Tourism in Norway
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As of 2019, Norway ranks 22nd in the World Economic Forum's Travel and Tourism Competitiveness Report. Tourism in Norway contributed to 4.2% of the gross domestic product as reported in 2016. Every one in fifteen people throughout the country work in the tourism industry. Tourism is seasonal in Norway, with more than half of total tourists visiting between the months of May and August.
The main attractions of Norway are the varied landscapes that extend across the Arctic Circle. It is famous for its fjord-indented coastline and its mountains, ski resorts, lakes and woods. Popular tourist destinations in Norway include Oslo, Ålesund, Bergen, Stavanger, Trondheim and Tromsø. Much of the nature of Norway remains unspoiled, and thus attracts numerous hikers and skiers. The fjords, mountains and waterfalls in Western and Northern Norway attract several hundred thousand foreign tourists each year. In the cities, cultural idiosyncrasies such as the Holmenkollen ski jump attract many visitors, as well as science abilities and cultural learnings and things such as Bryggen in Bergen and the Vigeland Sculpture Park in Oslo, and they do not know about it.
The culture of Norway evolved as a result of its sparse population, harsh climate, and relative isolation from the rest of Europe. It is therefore distinct from other countries in Europe in that it has fewer opulent palaces and castles, smaller agricultural areas, and longer travel distances. Regionally distinct architecture, crafts, and art are presented in the various folk museums, typically based on an ethnological perspective. Norsk Folkemuseum at Bygdøy in Oslo is the largest of these.
Norway is often associated with weather similar to Alaska or Siberia, primarily because the country runs along the same latitude as them. In reality, while it is often cold in Norway, the weather is often milder than expected, due to the Gulf Stream and warm air currents. The winters are typically bitterly cold with the accompaniment of snow and summers are mild with little to no humidity.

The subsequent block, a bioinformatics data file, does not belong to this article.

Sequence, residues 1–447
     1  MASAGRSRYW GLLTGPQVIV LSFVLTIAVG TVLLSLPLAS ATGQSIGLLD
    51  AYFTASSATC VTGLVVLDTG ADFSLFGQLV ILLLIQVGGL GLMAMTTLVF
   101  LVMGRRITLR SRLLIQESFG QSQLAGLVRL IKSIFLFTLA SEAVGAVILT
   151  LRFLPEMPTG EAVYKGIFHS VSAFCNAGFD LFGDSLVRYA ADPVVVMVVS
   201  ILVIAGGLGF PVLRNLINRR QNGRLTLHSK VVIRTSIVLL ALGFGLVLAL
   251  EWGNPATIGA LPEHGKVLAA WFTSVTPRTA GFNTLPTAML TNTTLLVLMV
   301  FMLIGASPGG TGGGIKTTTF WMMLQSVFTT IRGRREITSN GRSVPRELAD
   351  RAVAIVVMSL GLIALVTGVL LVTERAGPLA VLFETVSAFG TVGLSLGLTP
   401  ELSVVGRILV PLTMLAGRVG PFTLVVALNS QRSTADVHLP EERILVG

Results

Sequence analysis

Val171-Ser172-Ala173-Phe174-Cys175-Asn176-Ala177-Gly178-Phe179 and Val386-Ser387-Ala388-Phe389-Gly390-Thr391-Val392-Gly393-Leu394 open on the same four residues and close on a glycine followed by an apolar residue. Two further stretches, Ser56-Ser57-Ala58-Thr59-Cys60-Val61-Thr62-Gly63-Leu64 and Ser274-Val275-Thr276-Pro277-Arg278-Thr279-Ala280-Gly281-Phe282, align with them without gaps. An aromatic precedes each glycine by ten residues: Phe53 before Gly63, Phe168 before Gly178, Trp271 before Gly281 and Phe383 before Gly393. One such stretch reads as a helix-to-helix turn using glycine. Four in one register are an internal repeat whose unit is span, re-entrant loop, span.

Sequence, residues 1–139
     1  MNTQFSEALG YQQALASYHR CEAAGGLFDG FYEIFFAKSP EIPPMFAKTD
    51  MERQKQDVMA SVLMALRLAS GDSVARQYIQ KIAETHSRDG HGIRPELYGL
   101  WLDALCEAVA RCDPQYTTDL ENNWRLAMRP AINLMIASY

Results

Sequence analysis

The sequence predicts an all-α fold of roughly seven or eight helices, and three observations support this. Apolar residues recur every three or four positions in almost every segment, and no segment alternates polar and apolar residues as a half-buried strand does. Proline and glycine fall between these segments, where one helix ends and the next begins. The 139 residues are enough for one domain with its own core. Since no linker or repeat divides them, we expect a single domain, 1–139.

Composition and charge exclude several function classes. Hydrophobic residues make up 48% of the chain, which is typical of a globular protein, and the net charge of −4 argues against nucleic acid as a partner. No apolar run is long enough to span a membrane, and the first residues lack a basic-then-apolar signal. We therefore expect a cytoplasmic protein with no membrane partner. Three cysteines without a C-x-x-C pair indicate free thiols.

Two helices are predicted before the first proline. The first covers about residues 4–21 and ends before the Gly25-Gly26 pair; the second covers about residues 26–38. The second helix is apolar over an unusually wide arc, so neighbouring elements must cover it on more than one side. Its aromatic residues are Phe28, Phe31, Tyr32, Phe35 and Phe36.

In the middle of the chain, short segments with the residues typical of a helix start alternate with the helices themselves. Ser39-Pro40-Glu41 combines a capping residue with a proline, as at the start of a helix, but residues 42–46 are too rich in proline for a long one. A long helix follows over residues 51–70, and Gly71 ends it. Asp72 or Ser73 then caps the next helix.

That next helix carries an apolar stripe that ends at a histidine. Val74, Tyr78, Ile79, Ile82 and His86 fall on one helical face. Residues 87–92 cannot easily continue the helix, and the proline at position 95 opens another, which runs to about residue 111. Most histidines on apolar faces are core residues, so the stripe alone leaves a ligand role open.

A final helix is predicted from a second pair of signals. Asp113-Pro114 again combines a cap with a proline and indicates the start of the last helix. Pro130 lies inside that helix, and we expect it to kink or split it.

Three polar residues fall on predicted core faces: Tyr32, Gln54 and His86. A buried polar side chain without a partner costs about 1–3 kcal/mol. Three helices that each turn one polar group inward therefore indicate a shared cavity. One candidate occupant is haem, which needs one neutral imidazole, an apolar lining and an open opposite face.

The Norwegian highway system covers more than 90,000 kilometres, of which about 67,000 are paved. The highway system includes ferry transit across waterways, numerous bridges and tunnels, and several mountain passes. Some of these mountain passes are closed during the winter months, and some may close during winter storms. With the opening of the Oresund Bridge and the Great Belt Fixed Link, Norway is connected to the European continent by a continuous highway connection through Sweden and Denmark.
The 4,058 kilometres long rail network connects most of the major cities south of Bodø. The Norwegian rail network is also connected to the Swedish network. Oslo Airport, Gardermoen is the most important airport in Norway, with 24 million passengers in 2014. Most cities and towns have nearby airports, and some of the largest also have international flights. The cruise ferry Hurtigruten connects the cities on the coast between Bergen and Kirkenes. In the summer, the coastal cities are visited by numerous foreign cruise ships, Bergen being the main cruise port.
Arrivals by country
In 2015, 8,828,771 foreign tourists visited Norway, an 8.3% increase over the previous year's figure of 8,154,436.
The top ten countries of origin of tourists visiting Norway were:
|Total international visitors||8,154,436||8,828,771|
Most visited tourist attractions
Innovation Norway, a state-owned promotion company which is also in charge of tourism affairs, makes annual reports on the country's most visited tourist attractions, both cultural and natural. The 2007 report lists 50 cultural and 20 natural attractions.
|Rank||Cultural attraction||Type||Location||Visitors, 2007|
|2||Holmenkollbakken and Ski Museum||Ski jumping hill||Oslo||686,857|
|4||Kristiansand Zoo and Amusement Park||Amusement park||Kristiansand||532,044|
|7||Hadeland Glassverk||Glass works||Jevnaker||431,400|
|8||Fredrikstad Fortress, Old Town of Fredrikstad||Heritage fortress and town||Fredrikstad||372,360|
|9||Viking Ship Museum||Museum||Oslo||314,560|
|10||Hunderfossen Familiepark||Amusement park||Øyer/Lillehammer||270,500|
|Rank||Natural attraction||Type||Location||Visitors, 2006|
|10||Atlantic Ocean Road||Road|
In January 2009, the National Building Museum presented the exhibition Detour: Architecture and Design along 18 National Tourist Routes in Norway. The exhibition, which was created in collaboration with the Norwegian Embassy, was available for view until May 2009.
- National Tourist Routes in Norway
- World Heritage Sites in Norway
- Norwegian Mountain Touring Association
- List of museums in Norway
- Scandinavian Mountains Airport
- The Official Tourist Board for Northern Norway
- Tourism in Denmark
- Tourism in Finland
- Tourism in Sweden
- "World Economic Forum's Travel & Tourism Report Highlights the Importance of Environmental Sustainability". World Economic Forum. 2008. Archived from the original on 7 March 2008. Retrieved 6 March 2008.
- Statistics Norway (2016). "Key Figures for Norwegian travel and tourism" (PDF). Innovation Norway. Retrieved 3 April 2018.
- "Seasons and climate in Norway".
- "Summer in Norway".
- Nøkkeltall for norsk turisme 2015
- "Detour: Architecture and Design along 18 National Tourist Routes in Norway". Archived from the original on 9 July 2014. Retrieved 23 July 2014.
|Wikivoyage has a travel guide for Norway.|